4. Working on the Right Things

The bottom line in business development is working on the right things. This not only means on the right product concepts and markets but the right activities; seeking out the right information and doing the correct chores. People tend to do those things that they know how to do. R&D people want to do experiments; management people focus on numbers; and marketing people on sales contacts. What are the right activities for a business development program must be based on the critical factors for success rather than the historical and functional interests of the people involved. We have found that an objective development process can force the development team to address critical issues. We have developed such processes as planning guide books. You can link to an outline of those guides and workbooks.

The Strategic Edge -- Forecasting New Product Sales

Forecasting sales or technology substitution during the early stages of new product introduction is extremely difficult but critical. Over the past 20 years we have developed a number of tools that help in the forecasting of new product sales. These tools are used for primary forecasts, for auditing field sales forecasts and as strategic planning tools. The General Sales Growth CurveSM (GSGC) is among the most powerful of these tools.

The General Sales Growth Curve is a simple, effective penetration model applicable to the growth phase of new products and technologies. Tests with over 300 products and technologies have been shown to be effective for forecasting sales of expendable products when as few as 4 annual data points are available. The General Sales Growth CurveSM is a simple (two parameter) model and represents a declining proportional growth. Like the exponential model, it is applicable only to the growth phase of product and technology life cycles.

With sparse data, only a few parameters can be estimated. Under these circumstances the logistic or "S" shaped curve can not be used since it requires too much data. Comparison with the exponential growth curve representing constant proportional growth indicated that the General Sales Growth Curve gives significantly better predictions.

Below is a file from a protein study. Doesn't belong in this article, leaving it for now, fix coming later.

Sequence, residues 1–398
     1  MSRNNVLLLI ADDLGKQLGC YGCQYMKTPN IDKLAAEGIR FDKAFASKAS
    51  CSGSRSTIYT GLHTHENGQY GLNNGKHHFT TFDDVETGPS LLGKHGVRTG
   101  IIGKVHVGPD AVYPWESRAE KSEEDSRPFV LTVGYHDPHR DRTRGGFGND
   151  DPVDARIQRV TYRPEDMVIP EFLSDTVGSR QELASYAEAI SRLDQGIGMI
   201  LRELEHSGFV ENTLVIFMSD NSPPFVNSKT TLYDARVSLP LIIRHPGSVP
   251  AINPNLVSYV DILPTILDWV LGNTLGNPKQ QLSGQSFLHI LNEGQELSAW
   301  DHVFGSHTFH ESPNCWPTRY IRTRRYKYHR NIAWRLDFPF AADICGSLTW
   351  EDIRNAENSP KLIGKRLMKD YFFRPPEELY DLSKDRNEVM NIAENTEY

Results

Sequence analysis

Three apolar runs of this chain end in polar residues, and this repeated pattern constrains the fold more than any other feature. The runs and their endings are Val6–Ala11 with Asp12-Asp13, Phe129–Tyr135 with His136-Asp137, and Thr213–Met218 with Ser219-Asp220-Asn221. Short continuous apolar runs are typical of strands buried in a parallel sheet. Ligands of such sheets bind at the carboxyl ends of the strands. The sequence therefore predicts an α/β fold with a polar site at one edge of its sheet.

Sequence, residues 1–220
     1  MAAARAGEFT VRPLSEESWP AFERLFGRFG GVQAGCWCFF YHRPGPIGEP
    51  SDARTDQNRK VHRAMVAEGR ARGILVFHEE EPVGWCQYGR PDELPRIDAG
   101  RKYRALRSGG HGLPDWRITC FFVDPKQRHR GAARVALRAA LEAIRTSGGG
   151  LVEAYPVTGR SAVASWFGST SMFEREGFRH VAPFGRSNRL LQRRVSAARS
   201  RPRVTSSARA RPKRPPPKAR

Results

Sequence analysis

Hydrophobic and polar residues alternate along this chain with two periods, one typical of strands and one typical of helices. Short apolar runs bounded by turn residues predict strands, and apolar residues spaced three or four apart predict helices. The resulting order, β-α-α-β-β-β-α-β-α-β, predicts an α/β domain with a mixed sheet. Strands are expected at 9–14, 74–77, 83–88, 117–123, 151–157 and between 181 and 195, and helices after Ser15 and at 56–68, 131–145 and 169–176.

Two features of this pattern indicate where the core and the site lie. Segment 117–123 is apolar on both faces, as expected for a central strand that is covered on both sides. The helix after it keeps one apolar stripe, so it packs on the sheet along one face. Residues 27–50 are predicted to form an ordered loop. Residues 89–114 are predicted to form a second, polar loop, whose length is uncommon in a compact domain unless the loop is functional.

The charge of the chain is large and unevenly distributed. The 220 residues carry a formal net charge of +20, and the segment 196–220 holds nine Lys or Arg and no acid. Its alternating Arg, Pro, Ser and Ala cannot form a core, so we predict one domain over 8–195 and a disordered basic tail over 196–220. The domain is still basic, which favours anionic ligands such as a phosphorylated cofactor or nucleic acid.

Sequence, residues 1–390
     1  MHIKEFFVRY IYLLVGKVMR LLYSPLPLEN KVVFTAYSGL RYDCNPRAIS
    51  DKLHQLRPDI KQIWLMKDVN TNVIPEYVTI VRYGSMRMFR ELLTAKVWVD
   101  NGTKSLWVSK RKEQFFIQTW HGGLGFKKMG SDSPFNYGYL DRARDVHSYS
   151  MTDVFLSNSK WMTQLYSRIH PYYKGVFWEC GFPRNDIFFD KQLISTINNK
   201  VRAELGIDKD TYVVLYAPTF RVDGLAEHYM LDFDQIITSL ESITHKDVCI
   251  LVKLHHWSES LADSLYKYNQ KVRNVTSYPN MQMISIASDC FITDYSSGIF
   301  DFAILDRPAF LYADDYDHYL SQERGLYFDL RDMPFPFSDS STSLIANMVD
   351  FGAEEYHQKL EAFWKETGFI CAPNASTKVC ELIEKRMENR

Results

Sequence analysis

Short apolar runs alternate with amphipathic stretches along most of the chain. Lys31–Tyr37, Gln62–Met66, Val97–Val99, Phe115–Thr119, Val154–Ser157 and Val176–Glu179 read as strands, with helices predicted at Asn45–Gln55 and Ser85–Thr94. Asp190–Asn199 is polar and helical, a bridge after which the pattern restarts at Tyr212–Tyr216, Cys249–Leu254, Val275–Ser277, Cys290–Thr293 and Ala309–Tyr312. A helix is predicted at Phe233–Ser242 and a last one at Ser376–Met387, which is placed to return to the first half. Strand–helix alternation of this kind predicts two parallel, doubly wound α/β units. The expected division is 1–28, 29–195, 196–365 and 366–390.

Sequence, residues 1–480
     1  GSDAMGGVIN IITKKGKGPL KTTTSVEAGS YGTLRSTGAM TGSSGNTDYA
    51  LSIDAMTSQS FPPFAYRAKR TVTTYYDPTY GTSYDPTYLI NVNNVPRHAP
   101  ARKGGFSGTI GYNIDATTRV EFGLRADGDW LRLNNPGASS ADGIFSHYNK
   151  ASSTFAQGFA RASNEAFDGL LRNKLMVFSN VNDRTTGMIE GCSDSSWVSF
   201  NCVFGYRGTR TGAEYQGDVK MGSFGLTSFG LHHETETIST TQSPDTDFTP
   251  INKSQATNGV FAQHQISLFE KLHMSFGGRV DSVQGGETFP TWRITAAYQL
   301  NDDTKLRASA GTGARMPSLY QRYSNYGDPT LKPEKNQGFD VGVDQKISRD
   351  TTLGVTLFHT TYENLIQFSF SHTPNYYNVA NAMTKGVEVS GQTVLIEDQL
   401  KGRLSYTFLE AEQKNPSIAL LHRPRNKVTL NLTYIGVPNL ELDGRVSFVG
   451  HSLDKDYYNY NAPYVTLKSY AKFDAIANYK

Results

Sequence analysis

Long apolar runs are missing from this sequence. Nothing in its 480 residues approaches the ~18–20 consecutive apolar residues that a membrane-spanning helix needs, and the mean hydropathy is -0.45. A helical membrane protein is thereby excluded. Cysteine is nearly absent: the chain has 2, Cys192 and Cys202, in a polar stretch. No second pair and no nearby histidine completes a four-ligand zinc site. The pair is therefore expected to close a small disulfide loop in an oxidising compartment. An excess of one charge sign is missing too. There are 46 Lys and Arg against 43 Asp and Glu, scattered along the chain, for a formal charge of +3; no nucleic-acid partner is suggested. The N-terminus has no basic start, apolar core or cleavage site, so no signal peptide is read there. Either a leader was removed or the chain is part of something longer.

The General Sales Growth Curve can be fit to data using linear regression.. The potential line in the attached figure is derived from the curve fit data and represents the asymptotic limit of growth. You can link to a white paper detailing how to do the data fitting and interpretation.

Techno-Tips -- Having Confidence

The Techno-Tip column consists of suggestions and comments for data analysis. It is intended to help analysts and managers directly involved in the analysis of business data. This article goes into more technical detail than usually covered in general business literature.

A lot of marketing data comes as tables representing the percentage of a sample that answered a question one way or another. The confidence range of this data represents its precision. Computing that range has been problematic. Few marketing information providers supply confidence interval information with their tables. Traditionally some multiple of the standard error is used to imply its precision.

Standard Error Around P = [P x (1-P)/#]^0.5

where P = expected value from the sample (i.e. 25%), and # is the sample size. This implies that the uncertainty is the same above and below the value. However, the confidence interval around percentages is not symmetric.